Throughout the entire chapter I was impressed again and again by Zhu Di's ingenuity and powerful, driving ambition. His rise to power was intense to say the least. I mean, the man faked insanity, lived in squalor for several months and hid out in plain sight to avoid being killed for being a threat as a potential rival to the chosen heir, Zhu Yunwen (p.48). That's dedication.
Once he had finally conquered and overthrown Zhu Yunwen and Nanjin, he had such amazingly colossal plans for improving China. And he implemented them unabashedly from the get-go. Moving everything to Beijing was just the beginning. Throughout his reign, Zhu Di built the Forbidden City, repaired the Grand Canal, and compiled a huge collection of academic knowledge, printed novels and a 4000 volume encyclopedia set (p. 62). All the while maintaining peace with the people in his empire and in surrounding areas and still managed to build a huge ocean-worthy fleet of ships for which he planned to "proceed all the way to the end of the earth to collect tribute from the barbarians beyond the seas..." (p. 64).
Also, I thought it was very interesting the lengths that he went to in order to fully establish that he was the legitimate heir and that the gods smiled upon his reign. On page 54 it talks about how Zhu Di built the Temple of Heaven at the center of the new city as the very first project. Not only would it be the stage for major, yearly ceremonies, it would be the "very heart" of the new Chines empire. And later, he would present a magical "qilin" (or giraffe.. hehe.. from East Africa) to convince the mandarins to support his pricey schemes. This gift was presented by a close adviser to Zhu Di and proclaimed to be a sign of heavenly approval for his rule (p.58). Such a swindler.. heh.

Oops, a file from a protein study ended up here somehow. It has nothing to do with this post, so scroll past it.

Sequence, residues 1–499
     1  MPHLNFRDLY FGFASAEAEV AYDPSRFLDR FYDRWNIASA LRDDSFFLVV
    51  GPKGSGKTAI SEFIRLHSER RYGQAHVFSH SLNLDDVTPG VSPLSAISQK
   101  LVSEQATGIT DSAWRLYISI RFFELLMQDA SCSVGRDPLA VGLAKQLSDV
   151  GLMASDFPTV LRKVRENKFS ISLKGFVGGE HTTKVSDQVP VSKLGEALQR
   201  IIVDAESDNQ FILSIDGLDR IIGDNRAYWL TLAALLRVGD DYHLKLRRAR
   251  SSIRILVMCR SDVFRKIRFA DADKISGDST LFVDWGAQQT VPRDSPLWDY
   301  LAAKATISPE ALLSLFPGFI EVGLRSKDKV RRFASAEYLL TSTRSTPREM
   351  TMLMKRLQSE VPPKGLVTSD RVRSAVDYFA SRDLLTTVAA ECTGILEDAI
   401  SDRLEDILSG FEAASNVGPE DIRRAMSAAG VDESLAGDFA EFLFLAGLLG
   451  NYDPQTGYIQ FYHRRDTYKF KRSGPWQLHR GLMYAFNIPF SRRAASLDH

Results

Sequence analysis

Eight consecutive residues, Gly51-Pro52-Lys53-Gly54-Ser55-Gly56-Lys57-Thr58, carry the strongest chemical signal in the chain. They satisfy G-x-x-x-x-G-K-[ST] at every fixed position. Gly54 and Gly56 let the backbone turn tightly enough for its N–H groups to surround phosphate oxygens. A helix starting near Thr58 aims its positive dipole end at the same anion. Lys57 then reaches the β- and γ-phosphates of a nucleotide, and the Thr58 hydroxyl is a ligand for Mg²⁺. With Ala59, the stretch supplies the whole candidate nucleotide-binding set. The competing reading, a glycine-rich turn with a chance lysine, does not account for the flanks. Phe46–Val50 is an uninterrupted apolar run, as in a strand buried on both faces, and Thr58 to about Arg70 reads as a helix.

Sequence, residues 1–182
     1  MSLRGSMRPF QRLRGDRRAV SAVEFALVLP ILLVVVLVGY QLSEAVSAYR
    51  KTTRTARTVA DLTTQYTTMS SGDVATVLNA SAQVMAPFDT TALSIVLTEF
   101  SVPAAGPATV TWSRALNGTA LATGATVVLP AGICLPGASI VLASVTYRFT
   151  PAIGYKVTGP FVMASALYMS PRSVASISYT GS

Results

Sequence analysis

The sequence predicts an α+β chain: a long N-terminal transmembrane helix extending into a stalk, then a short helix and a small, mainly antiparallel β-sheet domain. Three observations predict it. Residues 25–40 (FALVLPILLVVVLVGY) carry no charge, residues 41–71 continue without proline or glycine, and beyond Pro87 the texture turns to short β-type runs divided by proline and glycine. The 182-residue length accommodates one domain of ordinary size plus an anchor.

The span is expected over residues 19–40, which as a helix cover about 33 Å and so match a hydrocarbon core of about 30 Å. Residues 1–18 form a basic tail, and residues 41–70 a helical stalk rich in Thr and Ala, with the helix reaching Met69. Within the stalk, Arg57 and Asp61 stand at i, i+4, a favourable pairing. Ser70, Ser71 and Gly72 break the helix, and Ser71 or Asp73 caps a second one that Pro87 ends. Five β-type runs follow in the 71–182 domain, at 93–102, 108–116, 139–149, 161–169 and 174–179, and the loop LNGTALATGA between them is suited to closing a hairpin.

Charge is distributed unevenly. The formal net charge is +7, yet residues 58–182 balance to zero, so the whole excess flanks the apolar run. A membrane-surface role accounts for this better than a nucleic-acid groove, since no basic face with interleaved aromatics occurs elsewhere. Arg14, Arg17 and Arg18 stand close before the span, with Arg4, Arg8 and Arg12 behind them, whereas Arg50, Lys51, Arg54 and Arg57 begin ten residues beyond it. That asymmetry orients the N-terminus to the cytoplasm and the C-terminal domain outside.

All in all, it seems that Zhu Di led a charmed life; always achieving what he set out to do. However, the last paragraph of chapter one seems to hint that all would not end well despite the auspicious beginning:
"As they sailed out across the Yellow Sea, the last flickering lights of Tanggu faded into the darkness while the sailors clustered at the rails, straining for a last sight of their homeland ... The majority of those seaman at the rails would never see China again. Many would die, many others would be shipwrecked or left behind to set up colonies on foreign shores. Those who eventually returned after two and a half years at sea would find their country convulsed and transformed beyond all recognition."I am intrigued and must read on......